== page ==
9.1: Notice and Wonder: What Do You See? (5 minutes)
The purpose of this warm-up is to elicit the idea that graphs can be discrete or continuous, which will be useful when students interpret exponential functions and make sense of whether the graph should be discrete or continuous in the associated Algebra 1 lesson. While students may notice and wonder many things about these graphs, the fact that one is a line and one is a discrete set of points are the important discussion points.
When students articulate what they notice and wonder, they have an opportunity to attend to precision in the language they use to describe what they see (MP6). They might first propose less formal or imprecise language, and then restate their observation with more precise language in order to communicate more clearly.
Display the table and the 2 graphs for all to see. Ask students to think of at least one thing they notice and at least one thing they wonder. Give students 1 minute of quiet think time, and then 1 minute to discuss the things they notice and wonder with their partner, followed by a whole-class discussion.
Here is a table of values of data that was collected.
Here are two graphs of the data. What do you notice? What do you wonder?
Ask students to share the things they noticed and wondered. Record and display their responses for all to see. If possible, record the relevant reasoning on or near the graphs. After all responses have been recorded without commentary or editing, ask students, “Is there anything on this list that you are wondering about now?” Encourage students to respectfully disagree, ask for clarification, or point out contradicting information.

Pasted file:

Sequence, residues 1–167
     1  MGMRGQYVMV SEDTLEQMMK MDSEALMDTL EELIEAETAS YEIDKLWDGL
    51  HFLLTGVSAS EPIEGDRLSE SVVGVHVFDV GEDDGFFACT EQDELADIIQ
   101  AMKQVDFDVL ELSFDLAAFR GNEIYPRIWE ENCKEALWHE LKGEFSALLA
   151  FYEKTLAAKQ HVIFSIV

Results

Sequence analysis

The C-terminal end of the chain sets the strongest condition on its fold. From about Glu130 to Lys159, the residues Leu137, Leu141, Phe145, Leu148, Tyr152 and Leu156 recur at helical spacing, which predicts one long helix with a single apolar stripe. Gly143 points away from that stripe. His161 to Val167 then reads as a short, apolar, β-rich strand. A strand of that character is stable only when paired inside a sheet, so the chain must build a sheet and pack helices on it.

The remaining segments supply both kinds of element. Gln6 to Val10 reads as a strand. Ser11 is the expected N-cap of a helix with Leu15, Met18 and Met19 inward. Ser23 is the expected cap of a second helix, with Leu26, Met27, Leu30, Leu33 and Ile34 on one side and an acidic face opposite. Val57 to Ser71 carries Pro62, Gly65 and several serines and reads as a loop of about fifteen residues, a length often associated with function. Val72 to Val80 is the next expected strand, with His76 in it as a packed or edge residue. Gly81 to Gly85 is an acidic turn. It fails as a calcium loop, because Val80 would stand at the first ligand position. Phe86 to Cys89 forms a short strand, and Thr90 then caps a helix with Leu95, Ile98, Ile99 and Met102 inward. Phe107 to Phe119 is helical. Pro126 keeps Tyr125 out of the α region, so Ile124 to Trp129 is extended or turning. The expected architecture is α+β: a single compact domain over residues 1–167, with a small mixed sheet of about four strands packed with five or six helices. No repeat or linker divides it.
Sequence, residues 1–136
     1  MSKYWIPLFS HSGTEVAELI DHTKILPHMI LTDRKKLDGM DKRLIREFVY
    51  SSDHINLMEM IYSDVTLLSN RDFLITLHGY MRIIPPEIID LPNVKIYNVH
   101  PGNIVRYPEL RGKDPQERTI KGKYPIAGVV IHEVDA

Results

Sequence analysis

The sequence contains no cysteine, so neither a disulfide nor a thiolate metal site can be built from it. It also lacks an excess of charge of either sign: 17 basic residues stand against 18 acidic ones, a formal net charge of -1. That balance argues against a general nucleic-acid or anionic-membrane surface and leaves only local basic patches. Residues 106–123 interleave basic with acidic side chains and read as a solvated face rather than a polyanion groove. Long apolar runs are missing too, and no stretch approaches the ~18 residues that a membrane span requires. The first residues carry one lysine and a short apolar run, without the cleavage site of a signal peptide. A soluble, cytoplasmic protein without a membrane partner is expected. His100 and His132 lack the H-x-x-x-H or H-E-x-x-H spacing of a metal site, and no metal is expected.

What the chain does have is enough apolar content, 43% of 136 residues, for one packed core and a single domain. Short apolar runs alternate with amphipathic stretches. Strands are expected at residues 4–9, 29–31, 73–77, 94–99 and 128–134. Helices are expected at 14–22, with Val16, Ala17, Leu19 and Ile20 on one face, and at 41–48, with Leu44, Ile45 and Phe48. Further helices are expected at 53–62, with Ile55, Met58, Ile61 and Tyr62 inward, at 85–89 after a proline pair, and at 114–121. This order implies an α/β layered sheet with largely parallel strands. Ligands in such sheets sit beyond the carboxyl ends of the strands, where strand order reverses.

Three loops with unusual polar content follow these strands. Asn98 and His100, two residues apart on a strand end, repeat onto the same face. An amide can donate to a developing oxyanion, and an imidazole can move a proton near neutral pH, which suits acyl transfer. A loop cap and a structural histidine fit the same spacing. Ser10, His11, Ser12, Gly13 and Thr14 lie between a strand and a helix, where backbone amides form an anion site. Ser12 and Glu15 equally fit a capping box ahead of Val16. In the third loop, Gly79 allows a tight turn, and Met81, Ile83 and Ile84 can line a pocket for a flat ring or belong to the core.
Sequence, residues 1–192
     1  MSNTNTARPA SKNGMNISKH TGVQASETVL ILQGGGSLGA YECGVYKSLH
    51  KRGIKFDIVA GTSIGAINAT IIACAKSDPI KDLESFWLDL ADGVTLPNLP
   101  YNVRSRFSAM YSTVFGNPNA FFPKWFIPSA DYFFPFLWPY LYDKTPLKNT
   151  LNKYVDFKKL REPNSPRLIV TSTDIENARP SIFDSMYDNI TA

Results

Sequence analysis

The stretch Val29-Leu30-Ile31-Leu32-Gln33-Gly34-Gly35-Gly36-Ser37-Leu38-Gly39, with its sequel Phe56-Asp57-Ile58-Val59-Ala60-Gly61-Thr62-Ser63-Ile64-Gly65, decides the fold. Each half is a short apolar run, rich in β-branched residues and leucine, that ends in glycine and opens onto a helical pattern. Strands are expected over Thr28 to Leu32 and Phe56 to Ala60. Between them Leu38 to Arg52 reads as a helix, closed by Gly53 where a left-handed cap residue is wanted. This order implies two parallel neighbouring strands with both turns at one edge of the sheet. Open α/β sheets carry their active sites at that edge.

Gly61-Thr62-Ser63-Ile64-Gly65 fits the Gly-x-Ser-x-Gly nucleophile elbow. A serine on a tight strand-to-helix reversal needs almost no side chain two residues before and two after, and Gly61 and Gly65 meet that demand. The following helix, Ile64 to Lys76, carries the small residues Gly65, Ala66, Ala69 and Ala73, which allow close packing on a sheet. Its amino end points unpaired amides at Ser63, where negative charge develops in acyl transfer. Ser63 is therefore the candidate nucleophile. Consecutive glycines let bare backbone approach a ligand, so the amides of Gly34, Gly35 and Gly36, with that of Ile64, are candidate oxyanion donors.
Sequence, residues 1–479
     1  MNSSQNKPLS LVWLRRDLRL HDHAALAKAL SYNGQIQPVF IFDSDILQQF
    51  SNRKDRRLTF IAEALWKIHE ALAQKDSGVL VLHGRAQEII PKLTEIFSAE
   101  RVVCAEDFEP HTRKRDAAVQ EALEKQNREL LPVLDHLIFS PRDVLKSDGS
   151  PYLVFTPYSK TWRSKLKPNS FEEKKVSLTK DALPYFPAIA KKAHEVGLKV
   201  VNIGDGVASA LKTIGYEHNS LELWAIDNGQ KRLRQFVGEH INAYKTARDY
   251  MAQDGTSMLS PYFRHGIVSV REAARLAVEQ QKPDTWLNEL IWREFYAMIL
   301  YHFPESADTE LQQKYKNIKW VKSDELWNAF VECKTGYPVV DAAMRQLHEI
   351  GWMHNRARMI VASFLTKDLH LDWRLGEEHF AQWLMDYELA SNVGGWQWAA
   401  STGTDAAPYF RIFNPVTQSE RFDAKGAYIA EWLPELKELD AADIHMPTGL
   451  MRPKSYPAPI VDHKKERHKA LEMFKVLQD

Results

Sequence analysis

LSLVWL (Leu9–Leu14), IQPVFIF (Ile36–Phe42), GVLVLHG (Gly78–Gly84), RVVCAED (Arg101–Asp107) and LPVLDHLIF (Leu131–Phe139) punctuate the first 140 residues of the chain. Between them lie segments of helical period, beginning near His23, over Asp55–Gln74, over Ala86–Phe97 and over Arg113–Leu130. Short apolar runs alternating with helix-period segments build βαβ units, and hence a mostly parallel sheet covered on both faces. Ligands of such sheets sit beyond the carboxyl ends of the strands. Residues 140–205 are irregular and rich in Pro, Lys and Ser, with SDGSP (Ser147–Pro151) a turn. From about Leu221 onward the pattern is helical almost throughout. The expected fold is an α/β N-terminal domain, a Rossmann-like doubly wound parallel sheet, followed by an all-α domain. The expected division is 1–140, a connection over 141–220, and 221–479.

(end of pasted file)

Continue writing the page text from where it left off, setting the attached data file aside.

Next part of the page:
If the situation represented does not come up during the conversation, ask students to discuss this idea. What are some situations that might be appropriate to represent with just points, versus a connected line? (Students will see many examples in this lesson, so it’s not necessary to dwell on this question for long.)
9.2: Connect . . . or Not (20 minutes)
The purpose of this activity is to elicit the idea that graphs can be discrete or continuous based on the context, which will be useful when students interpret exponential functions and make sense of whether the graph should be discrete or continuous in the associated Algebra 1 lesson. When students pay close attention to the appropriate domain and range, both restricted by the context, they are engaging in work that is important in modeling with mathematics (MP4).
Arrange the students in groups of 4. Each member of the group should choose one of the questions and work individually. After quiet work time, ask students to share their responses within their group and decide if they are correct. Follow with a whole-class discussion.
In order to find the table of values, students may choose to use graphing technology strategically (MP5), if available.
Here are descriptions of relationships between quantities.
- Make a table of at least 5 pairs of values that represent the relationship.
- Plot the points. Label the axes of the graph.
Should the points be connected? Are there any input or output values that don’t make sense? Explain.
A cab charges \$1.50 per mile plus \$3.50 for entering the cab. The cost of the ride is a function of the miles, \(m\), ridden and is defined by \(c(m)=1.50m+3.50\).
The admission to the state park is \$5.00 per vehicle plus \$1.50 per passenger. The total admission for one vehicle is a function of the number of passengers, \(p\), defined by the equation \(a(p) = 5 + 1.50p\).